They were part of the larger group of around 200 whales that were stranded Saturday, but the 17 re-stranded themselves after those whales were refloated.
Department of Conservation spokesman Andrew Lamason said they were sure they were dealing with a separate pod because they had tagged all the refloated whales from the first group and none of the new group had tags.
Nehe Tapuke says the most memorable thing about the stranded whales on Farewell Spit was the smell.
Another 200 whales which became stranded yesterday were able to refloat themselves overnight without the help of volunteers. Saturday's rescue efforts during the morning high tide appeared more promising.
The precise cause of the whale strandings was not known.
Hundreds of workers ranging from tourists to farmers spent days at the beach, keeping the stranded whales wet and cool with buckets of water and cloths. He said all the surviving whales were refloated, and about 100 volunteers formed a human chain in the water to prevent them from beaching again.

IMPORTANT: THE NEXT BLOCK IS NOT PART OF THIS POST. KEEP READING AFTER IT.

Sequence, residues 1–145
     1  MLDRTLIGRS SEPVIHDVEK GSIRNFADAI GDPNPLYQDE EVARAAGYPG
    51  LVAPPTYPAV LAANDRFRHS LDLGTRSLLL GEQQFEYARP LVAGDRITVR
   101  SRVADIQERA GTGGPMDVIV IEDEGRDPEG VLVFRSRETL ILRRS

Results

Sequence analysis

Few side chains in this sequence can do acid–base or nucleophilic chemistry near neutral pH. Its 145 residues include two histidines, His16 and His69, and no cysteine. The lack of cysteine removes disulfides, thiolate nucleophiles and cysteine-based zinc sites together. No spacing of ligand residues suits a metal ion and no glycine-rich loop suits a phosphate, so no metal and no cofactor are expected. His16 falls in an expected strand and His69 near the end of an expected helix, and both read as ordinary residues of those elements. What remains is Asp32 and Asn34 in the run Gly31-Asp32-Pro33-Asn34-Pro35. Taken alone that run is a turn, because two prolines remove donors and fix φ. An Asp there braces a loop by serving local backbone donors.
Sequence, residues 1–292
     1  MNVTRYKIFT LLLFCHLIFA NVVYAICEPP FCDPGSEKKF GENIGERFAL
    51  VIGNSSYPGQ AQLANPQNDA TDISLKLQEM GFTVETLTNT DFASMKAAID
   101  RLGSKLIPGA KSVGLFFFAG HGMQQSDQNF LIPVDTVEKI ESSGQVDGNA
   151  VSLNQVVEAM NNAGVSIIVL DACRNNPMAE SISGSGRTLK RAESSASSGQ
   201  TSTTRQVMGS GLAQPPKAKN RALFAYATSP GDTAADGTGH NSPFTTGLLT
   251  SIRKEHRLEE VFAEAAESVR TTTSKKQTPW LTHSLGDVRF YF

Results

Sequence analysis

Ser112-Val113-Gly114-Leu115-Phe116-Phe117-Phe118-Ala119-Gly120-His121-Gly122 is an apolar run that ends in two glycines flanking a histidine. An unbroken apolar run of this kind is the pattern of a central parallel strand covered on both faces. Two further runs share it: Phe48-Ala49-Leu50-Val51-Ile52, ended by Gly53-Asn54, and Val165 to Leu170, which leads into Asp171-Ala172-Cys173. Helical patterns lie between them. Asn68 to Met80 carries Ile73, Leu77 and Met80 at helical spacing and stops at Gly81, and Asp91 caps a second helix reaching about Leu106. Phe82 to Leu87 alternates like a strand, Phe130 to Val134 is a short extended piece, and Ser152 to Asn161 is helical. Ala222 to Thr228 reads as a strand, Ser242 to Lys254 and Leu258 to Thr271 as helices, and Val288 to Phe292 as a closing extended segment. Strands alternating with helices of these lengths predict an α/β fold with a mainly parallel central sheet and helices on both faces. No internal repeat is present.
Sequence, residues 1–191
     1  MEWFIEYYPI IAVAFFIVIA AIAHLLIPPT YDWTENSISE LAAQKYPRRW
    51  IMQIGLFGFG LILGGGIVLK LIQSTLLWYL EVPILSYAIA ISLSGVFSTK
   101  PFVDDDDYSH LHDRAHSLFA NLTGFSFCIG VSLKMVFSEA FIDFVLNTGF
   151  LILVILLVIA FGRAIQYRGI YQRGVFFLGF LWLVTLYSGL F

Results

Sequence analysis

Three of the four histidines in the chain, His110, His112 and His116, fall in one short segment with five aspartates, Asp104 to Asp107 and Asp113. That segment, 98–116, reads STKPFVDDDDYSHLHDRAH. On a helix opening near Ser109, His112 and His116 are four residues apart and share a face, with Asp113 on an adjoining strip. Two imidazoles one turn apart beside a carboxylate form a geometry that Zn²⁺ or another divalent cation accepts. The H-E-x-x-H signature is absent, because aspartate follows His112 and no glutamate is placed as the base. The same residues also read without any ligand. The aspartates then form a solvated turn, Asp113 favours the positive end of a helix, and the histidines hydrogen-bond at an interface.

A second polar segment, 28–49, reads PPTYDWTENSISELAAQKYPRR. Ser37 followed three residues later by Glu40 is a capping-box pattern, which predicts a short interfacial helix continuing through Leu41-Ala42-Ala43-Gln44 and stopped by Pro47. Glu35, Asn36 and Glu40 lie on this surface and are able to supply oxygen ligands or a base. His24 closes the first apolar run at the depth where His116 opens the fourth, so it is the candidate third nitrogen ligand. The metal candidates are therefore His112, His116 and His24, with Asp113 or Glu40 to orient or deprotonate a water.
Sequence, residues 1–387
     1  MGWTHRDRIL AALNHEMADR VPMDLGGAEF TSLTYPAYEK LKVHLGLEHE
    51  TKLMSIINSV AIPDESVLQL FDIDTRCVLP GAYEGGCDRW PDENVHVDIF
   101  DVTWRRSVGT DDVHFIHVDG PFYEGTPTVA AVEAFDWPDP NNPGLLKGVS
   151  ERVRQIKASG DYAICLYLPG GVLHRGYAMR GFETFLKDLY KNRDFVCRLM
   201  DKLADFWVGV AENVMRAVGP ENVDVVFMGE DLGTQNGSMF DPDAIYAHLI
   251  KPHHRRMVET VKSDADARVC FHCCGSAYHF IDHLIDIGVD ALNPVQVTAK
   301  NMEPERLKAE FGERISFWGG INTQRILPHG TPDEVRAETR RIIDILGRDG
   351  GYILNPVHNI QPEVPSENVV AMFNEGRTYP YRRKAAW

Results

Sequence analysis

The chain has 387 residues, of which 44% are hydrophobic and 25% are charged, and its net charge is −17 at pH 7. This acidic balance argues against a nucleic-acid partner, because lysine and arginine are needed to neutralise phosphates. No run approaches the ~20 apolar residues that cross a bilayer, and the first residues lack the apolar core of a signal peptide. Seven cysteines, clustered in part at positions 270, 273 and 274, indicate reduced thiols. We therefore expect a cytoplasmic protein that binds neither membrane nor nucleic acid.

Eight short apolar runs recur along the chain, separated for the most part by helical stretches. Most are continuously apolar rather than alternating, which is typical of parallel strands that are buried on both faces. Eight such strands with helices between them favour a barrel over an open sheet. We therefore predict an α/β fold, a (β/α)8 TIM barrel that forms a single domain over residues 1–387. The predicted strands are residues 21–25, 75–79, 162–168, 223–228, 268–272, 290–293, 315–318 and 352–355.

Their quick action has avoided those whales beaching and possibly more of the whales stranding.More news: Pittsburgh-area students rally against confirmation of Education Secretary DeVos
According to the New Zealand Department of Conservation, the largest recorded stranding was an estimated 1,000 pilot whales on the Chatham Islands, another stranding hotspot, in 1918.
The New Zealand DOC officials are now mapping out plans to dispose carcasses of stranded whales.
Neha Tapuke ended his week-long holiday locked in a heartbreaking battle to help save 400 stricken pilot whales which had stranded at Farewell Spit.
Louisa Hawkes, from the environmental group Project Jonah which has been assisting with the rescue, told them it was only natural they would feel emotionally drained. Majority were among the animals found on Friday and already dead when they were discovered.
The beachings occur in the summer months, according to Gary Riordan, who is 62 and has lived in the area for most of his life.
This picture taken on February 11, 2017 shows a volunteer caring for a pilot whale during a mass stranding at Farewell Spit.
Stressing the difficulty of preventing whales from stranding themselves, she added that "if they start to move towards shore. sometimes we can get people in the water to try and deter them".